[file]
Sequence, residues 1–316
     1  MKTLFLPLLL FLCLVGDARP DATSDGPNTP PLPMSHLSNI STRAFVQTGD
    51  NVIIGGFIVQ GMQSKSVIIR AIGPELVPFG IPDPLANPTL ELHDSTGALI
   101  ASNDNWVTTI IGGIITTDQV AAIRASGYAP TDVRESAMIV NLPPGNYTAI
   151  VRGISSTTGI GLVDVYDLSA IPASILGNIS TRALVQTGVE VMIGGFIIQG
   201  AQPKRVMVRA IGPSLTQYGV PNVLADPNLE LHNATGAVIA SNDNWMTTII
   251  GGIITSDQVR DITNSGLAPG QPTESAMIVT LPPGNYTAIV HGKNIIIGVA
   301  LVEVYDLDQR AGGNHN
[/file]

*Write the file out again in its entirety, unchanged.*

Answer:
Sequence, residues 1–316
     1  MKTLFLPLLL FLCLVGDARP DATSDGPNTP PLPMSHLSNI STRAFVQTGD
    51  NVIIGGFIVQ GMQSKSVIIR AIGPELVPFG IPDPLANPTL ELHDSTGALI
   101  ASNDNWVTTI IGGIITTDQV AAIRASGYAP TDVRESAMIV NLPPGNYTAI
   151  VRGISSTTGI GLVDVYDLSA IPASILGNIS TRALVQTGVE VMIGGFIIQG
   201  AQPKRVMVRA IGPSLTQYGV PNVLADPNLE LHNATGAVIA SNDNWMTTII
   251  GGIITSDQVR DITNSGLAPG QPTESAMIVT LPPGNYTAIV HGKNIIIGVA
   301  LVEVYDLDQR AGGNHN